Dinner // Salmon with leftover mac and cheese and a side salad with peppers and Caesar dressing

Good Manners

I was Googling “good behavior videos for kids” and stumbled upon the House Fairy program. The creator – Pam – has tons of content for kids and adults. In the House Fairy series, she dresses up as at the House Fairy in a collection of videos where she talks to your child about good manners, tidying up, behavior, and Fairyland. There are also letters from the House Fairy and rewards (Fairy dollars) you can print out. The premise of the program is that it takes the bossiness out of mom and puts the House Fairy in charge of the rules, so enforcing them is easier to do. So far it’s working well!

At first I didn’t know if Mazen would respond or just roll his eyes, so there is a 2 minute “test” video where the House Fairy asks the child to go pick up five things in their room. We watched the video together, and Mazen RAN to clean his room. He tidied up so much more than just five things. I took that as a sign and bought the whole program for $15.

On days when he makes his bed, gets dressed on his own, and has nice manners all day, the House Fairy comes that night with a tiny little treat. Sometimes it’s just a letter, maybe a dollar for his wallet, maybe some Pez. (The House Fairy loves the tiny pez blocks because they fit perfectly in her tiny hands). I just ordered some of these little fairyland trinkets to leave under his pillow and some fairy glitter! I found the materials to be a bit overwhelming at first because they aren’t organized very well, but you can really just watch the videos together and do your own thing.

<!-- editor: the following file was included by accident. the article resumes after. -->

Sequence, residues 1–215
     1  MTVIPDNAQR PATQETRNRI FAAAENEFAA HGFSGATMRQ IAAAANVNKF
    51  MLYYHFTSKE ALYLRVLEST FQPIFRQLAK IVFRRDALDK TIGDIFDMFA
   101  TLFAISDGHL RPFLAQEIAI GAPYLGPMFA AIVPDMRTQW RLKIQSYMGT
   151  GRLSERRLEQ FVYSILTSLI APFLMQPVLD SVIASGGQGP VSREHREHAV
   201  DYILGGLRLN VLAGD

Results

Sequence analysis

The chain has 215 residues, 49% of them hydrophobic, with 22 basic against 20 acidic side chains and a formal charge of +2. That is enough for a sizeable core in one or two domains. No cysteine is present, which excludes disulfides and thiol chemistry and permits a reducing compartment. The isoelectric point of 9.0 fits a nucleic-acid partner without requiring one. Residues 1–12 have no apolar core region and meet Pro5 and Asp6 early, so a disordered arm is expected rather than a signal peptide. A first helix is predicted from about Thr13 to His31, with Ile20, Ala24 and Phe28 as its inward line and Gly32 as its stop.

This is probably one of those programs that Mazen will lose interest in with time, but it’s working now and that’s all I care about! He made his bed and got dressed on his own two days in a row! We watch one video a day to stretch them out, so I’m curious to see if some of the behavior ones have any real lasting impact. He seems to really respect the House Fairy’s opinion! 🙂

And finally, some good manners for you grown ups! I LOVE JP Sears, and this video had me in stitches. Especially the part about texting before you call and not ever leaving a voicemail! Those are for real y’all.

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Clean Eating Air Fryer Roasted Brussels Sprouts Recipe

These clean eating air fryer roasted brussels sprouts were a total experiment that actually worked out quite well.

In my experience, I have found that there are two types of people in this world.… Read more →